A “military cemetery” is usually a national parcel managed by the federal government. The Na…
SACKETS HARBOR — When the children and grandchildren of Norman D. and Violet M. Helbock get together in summers, a visit to Lakeside Cemetery is in order to spruce up the cemetery a bit and to visit the graves of the pair.
The visits continue a family tradition.
“When mom and dad did something, we all did something,” said Donna Lee Jarvis, Titusville, Fla., one of four children of the Helbocks. “When they went to clean the cemetery, we all went to clean the cemetery.”
Norman died in October of 2013 and Violet died in May of 2014.
“We have a little ceremony around my parents’ graves,” Mrs. Jarvis said. “We all sing, ‘You Are My Sunshine,’ my dad’s favorite song, and my mother’s was, ‘I Can’t Smile Without You.’”
They rest at Lakeside, maintained by the town of Hounsfield, but Norman and Violet had hoped to be buried across the road (Dodge Avenue), at Military Cemetery, maintained by the village of Sackets Harbor. Both were Air Force veterans, heavily active in the community and life members of American Legion Post 1757, 209 Ambrose St.
But Military Cemetery faced a space issue. If a spouse of a military member was buried there, the body of the spouse who died later would have to be cremated in order to find a resting spot at Military Cemetery. That policy even extended to couples like the Helbocks who both served in the military and didn’t wish to be cremated.
“All I know there was not enough, per se, space,” Mrs. Jarvis said. “So my dad just decided, ‘Let’s just let it go and one day we’ll see what happens.’”
Members of the American Legion Riders at Post 1757 and others saw what was happening at Military Cemetery and went to work.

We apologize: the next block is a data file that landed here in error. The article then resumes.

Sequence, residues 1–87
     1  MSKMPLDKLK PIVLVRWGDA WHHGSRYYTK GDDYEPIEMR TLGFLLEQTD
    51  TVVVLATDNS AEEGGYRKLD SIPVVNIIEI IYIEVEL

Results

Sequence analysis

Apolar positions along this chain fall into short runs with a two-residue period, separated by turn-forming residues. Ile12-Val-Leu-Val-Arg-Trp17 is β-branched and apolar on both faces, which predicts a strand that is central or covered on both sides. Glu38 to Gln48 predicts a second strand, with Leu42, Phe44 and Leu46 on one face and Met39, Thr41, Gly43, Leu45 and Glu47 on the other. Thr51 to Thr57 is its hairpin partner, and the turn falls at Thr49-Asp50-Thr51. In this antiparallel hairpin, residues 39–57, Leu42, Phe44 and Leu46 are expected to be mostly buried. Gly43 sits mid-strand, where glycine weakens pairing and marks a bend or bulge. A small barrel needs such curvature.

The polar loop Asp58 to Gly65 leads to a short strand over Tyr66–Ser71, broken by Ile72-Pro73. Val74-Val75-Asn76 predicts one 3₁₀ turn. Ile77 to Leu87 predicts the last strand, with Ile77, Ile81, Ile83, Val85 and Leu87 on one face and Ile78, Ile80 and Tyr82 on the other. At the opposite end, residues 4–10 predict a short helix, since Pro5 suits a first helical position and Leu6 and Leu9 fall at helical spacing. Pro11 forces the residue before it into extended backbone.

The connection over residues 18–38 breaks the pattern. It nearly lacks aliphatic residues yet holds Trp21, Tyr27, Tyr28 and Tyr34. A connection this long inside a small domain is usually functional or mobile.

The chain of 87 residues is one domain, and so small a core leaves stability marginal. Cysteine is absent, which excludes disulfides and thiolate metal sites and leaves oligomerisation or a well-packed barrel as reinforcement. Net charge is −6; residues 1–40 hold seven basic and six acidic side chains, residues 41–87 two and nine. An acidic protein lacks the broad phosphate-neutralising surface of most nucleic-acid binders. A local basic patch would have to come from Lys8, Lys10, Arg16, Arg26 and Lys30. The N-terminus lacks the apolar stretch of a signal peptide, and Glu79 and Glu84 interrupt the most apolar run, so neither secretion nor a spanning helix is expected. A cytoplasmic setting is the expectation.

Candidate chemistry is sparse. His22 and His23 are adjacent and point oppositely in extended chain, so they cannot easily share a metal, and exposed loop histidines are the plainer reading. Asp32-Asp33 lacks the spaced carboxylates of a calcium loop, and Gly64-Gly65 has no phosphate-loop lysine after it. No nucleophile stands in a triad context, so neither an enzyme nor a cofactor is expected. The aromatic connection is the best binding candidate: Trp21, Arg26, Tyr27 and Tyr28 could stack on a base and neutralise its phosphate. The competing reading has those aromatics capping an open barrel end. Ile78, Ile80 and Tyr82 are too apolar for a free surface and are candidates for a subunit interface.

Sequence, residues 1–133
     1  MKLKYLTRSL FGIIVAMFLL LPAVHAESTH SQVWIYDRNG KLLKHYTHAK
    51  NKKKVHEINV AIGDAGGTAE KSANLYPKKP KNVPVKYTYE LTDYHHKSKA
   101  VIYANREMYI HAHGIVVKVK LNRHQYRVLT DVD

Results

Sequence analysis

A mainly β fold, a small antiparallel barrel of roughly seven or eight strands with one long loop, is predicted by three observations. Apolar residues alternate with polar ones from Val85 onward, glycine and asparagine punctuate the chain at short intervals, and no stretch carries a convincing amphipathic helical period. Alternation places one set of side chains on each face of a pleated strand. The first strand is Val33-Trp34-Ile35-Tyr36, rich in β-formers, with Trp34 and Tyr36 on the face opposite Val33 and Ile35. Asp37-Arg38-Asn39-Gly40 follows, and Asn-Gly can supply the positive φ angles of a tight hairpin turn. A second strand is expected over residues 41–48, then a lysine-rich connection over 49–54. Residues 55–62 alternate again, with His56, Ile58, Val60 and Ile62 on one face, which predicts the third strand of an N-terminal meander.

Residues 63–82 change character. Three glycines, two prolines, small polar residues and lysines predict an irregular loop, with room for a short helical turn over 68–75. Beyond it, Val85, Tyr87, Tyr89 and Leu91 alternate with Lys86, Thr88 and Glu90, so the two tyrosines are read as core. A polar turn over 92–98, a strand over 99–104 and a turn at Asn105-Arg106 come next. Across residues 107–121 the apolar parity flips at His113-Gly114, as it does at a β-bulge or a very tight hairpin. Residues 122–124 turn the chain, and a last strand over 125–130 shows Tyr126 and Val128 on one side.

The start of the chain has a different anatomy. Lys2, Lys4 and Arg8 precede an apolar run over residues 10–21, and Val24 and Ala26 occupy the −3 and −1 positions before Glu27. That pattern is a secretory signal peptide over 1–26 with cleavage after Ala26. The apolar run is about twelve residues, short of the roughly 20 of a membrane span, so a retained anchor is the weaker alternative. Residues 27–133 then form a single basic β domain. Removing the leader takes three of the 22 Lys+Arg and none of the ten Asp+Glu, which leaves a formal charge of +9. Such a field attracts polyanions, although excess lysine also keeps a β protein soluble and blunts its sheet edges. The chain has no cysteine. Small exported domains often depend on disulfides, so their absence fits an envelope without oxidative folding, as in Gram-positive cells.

“At one of our meetings, we brought up a motion to clean up the back half of the Military Cemetery to expand it a little bit,” said Legion Rider member Thomas E. Spencer. “It’s always been there, but it just got way, way overgrown.”
Former Sackets Harbor resident Kevin Oliver, who now lives in Florida and works as a pilot for Southwest Airlines, spearheaded the expansion project with Mr. Spencer. The expansion began in 2016.
“It’s just unreal because when we started expanding and got part of it done, we’d say, ‘You know, if we went a little farther, it’d look a lot nicer,’” Mr. Spencer said. “The next thing you know, we went a little farther, and now we’ve gone all the way to the end.”
They estimate nearly 2,000 burial sites have been added to the cemetery. The size of the cemetery has more than doubled with the clearing.
Mr. Spencer said organizing a work crew for the cemetery was often a “last-minute thing.”
“I’d be up from Florida, and I’d call Tommy and he’d say, ‘Let’s give Dan Hoagland a call,’ and all three of us would be down here working all day long. Normally, that’s how it went.”
“We had 20 Riders when we first started, had big groups of Riders helping,” Mr. Spencer said. “But some got deployed, retired and a bunch of them moved away. Now, we’re down to like five people.”